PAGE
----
Today, the use of dogs to locate people lost beneath the rubble of ruined buildings is standard practice. It’s such a logical extension to normal search and rescue techniques that few realise its beginnings were purely accidental, and can be traced back to the London Blitz
The sustained bombing of London and other major cities from September 1940 brought the reality of war into people’s lives. Causing widespread disruption, 40,000 deaths, and as many as 1 million London houses wrecked, the authorities were in danger of being swamped by calls for help from Londoners convinced a friend or family member was buried somwhere in the rubble.
Initially the job of finding them fell to the ARP wardens, mostly old men considered unsuitable for military service and, in two celebrated cases, to a couple of stray dogs the men had adopted (or more likely the other way round). Quickly proving their worth by finding scores of victims, the pair – Rip and Tipperary Beauty – were among the earliest recipients of the prestigious Dickin Medal (the so-called animals’ Victoria Cross), and went on to inspire the creation of special dog patrols trained to find the living and the dead.
This plucky little East End waif was adopted by Mr E King, a warden based at Southill Street near Poplar’s Langdon Park. Homeless and hungry, Rip’s keen sense of smell, sense of adventure and intrepid, terrier-like nature meant the mongrel was invaluable when it came to searching the rubble. Braving smoke, fire, explosions from delayed-action fuses, falling masonry and the inevitable danger of clambering over charred and unstable ruins, what other dogs were later taught through weeks of intensive specialist training Rip knew intuitively.
The metronomic beat of his short stubby tail and those little paws pushing away at bricks and masonry were the first sign that somebody was down there and needed help. In all, he is known to have saved more than 100 lives as well as finding many bodies of loved ones, thereby bringing closure to their families and avoiding a potentially horrible health hazard.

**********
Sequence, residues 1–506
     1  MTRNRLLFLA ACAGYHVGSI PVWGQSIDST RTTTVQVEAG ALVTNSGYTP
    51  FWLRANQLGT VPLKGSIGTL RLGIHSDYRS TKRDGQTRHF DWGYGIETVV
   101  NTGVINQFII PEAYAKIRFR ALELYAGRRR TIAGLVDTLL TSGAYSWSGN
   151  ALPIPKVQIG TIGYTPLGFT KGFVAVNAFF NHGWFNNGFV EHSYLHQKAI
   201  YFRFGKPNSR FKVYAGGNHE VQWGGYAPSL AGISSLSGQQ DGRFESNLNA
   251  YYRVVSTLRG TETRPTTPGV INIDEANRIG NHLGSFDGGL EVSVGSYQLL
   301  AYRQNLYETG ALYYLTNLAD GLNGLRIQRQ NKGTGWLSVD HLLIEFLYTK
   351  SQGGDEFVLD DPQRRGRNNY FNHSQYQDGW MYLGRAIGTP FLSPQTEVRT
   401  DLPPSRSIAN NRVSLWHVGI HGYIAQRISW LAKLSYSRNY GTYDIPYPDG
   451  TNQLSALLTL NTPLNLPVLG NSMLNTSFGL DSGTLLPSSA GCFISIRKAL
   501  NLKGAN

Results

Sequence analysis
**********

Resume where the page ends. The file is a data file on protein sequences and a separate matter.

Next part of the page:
Rip was presented with a Dickin medal in 1945, which he continued to wear while engaged in his work. Sadly, exhausted by the effort, he died in 1946 and in 2009 the medal was sold at auction for an astonishing £24,250.
A little wire-haired terrier, Beauty worked for one of the rescue squads run by the animal charity, the PDSA, which rescued and rehabilitated more than 250,000 animals trapped in the burning wreckage of east London or rendered homeless by the destruction.
She belonged to Bill Barnet, a charity superintendent, and one evening in 1940 was observed pawing at some rubble a little way from where Bill’s team was working. Trusting the little dog’s instincts as her digging became faster and more frantic, and struck by her determination, Barnet moved across and started to excavate the rubble. The result was the first of more than 60 rescues attributed to the dog, for which she too was awarded the Dickin Medal – one of just 63 such presentations made in nearly 70 years. Today she is interred at the charity’s Ilford Pet Cemetery, the final resting place of a dozen Dickin Medal holders.
Jet of Iada
Clearly such important work could not be left to strays and volunteers, and before long the Civil Defence authorities began training dogs in urban search and rescue using techniques still practiced today (for example at Ground Zero where more than 300 professional dogs laboured for many weeks).
Jet of Iada was one of the first, a German Shepherd brought to London at a time when Hitler’s new V1 and V2 Vergeltungswaffe or revenge weapons were exacting a terrible price from the beleaguered city. In all, Jet is known to have located 125 individuals beneath the ruins, half of whom were pulled from the ground alive. Braving fire as well as the noise and chaos animals instinctively shy away from, Jet routinely remained on duty around the clock and on numerous occasions found victims when the human searchers were convinced there was nothing to be done.
These brief excerpts are taken from David Long’s latest book The Animals’ VC: Gallantry & Devotion (Random House), which tells for the first time the authorised histories of every Dickin Medal recipient — dogs, horses, birds and a single, fabulous cat — since the award’s creation in 1943. David’s ebook The London Olympics: 1908, 1948, 2012 is also available now, published by Londonist.
See also: London’s Top Dogs